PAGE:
California rulemaking requires health and environment assessment in energy policy decisions


Environmentalists, public health advocates, and renewable energy supporters scored a win in California, as the California Energy Commission (CEC) approved a petition that requires it assess “non-energy benefits” of various energy technologies in its policy decisions. 

The approved change now requires that CEC institute a transparent rulemaking proceeding regarding how non-energy benefits (NEBs) and social costs are incorporated into CEC planning and decision-making, including the 2025 Senate Bill 100 report. 

Senate Bill 100 required the state to source 60% of its electricity from emissions-free sources by 2030 and requires 100% clean energy by 2045. It also requires that California Public Utilities Commission (CPUC), the CEC, and California Air Resources Board issue a joint report to the legislature every four years, with the next report due in 2025.  

For the first time, the agencies will be required to transparently create policies that pursue the 100% clean energy goal while placing a value on the environment and public health, integrating these outcomes into its determinations, planning, and decision-making processes. 

The CEC will also be required to consider local benefits such as improved public health from reduced pollution and the resiliency of distributed renewable energy resources. For example, energy-efficiency programs targeting low-income and disadvantaged communities have been deemed not “cost-effective” under a cost-benefit analysis that has ignored the benefits to these families’ wellbeing. 

“This is an enormous first step toward making sure California’s energy decisions don’t harm communities, air and water to benefit polluting industries and corporate utilities, and it will tip the scales toward clean energy,” said Roger Lin, a senior attorney at the Center for Biological Diversity.

The rulemaking decision marks the first positive development for distributed renewable energy in California, a state that has taken numerous regressive policy actions over the past eighteen months. The CPUC has effectively cratered rooftop, commercial, and community solar, siding with large investor-owned utilities at every turn, despite public outcry and protest.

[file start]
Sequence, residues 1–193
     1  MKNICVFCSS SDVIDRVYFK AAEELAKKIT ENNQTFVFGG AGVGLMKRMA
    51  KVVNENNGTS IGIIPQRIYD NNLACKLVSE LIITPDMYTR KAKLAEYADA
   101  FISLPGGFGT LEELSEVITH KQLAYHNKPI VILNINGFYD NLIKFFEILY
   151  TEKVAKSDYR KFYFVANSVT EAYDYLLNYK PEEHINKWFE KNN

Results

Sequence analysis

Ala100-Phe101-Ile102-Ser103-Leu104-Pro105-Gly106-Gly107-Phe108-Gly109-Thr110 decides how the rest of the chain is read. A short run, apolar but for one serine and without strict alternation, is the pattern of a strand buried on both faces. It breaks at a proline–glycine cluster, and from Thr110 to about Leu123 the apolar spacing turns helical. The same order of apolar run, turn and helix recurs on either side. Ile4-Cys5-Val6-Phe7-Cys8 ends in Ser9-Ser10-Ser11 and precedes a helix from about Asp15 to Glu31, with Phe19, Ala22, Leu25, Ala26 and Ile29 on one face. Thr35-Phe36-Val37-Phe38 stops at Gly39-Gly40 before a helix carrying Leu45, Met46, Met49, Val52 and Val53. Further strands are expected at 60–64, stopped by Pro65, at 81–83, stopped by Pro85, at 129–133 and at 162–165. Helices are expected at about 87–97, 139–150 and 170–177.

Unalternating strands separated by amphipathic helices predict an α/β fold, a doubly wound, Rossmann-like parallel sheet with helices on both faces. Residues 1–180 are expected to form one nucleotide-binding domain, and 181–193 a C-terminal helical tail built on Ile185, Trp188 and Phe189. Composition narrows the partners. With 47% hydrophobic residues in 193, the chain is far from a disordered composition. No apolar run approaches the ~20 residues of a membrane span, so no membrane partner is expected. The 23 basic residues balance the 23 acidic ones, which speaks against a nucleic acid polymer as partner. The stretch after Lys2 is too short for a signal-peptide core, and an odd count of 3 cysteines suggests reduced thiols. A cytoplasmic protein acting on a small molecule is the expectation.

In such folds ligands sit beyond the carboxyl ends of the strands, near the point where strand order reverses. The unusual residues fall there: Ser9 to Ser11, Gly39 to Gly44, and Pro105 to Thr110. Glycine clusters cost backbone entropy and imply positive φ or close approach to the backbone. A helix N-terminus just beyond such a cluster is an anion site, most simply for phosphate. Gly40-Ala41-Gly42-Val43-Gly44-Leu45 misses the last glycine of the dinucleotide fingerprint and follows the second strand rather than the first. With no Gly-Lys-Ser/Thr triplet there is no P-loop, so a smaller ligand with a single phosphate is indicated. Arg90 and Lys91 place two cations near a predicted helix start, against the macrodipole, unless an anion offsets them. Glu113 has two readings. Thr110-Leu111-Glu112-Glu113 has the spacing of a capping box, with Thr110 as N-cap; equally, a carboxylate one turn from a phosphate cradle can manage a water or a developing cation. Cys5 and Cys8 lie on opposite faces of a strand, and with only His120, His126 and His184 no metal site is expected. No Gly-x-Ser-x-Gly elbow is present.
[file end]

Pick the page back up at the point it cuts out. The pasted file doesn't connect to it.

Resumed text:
CPUC approved NEM 3.0, which has tanked residential rooftop solar value and led to tens of thousands of jobs lost. It passed a rulemaking decision that made it harder for schools, farms, and renters to benefit from solar. It effectively put an end to the emergent community solar market, which has been massively successful in bringing more renewables online in states like New York and Massachusetts. And it is working on placing fixed monthly utility bill charges on ratepayers based on their income level, which analysts say will discourage energy efficiency and disproportionately impact lower-income customers.

While utilities are interconnecting large utility-scale solar projects, which are hailed as cost-effective solutions, electricity prices are skyrocketing in the state. The set of rulemaking decisions amount to protection of an effective monopoly by the state’s large investor-owned utilities. CPUC approved PG&E to hike electricity rates by 16% this year, continuing the trend of exploding electricity prices.

In a related bill, California Assemblymember Laura Friedman has introduced AB 2256, which would require the California Public Utilities Commission (CPUC) to fully consider the costs and benefits of rooftop solar when revisiting its net energy metering (NEM) tariff.

“The commission’s leadership will go a long way toward bringing climate justice to California’s hardest hit communities and sets a precedent that other states should follow,” said Lin. “We’ll see less pollution and unlock more clean energy funding for overburdened communities that have been last in line.”

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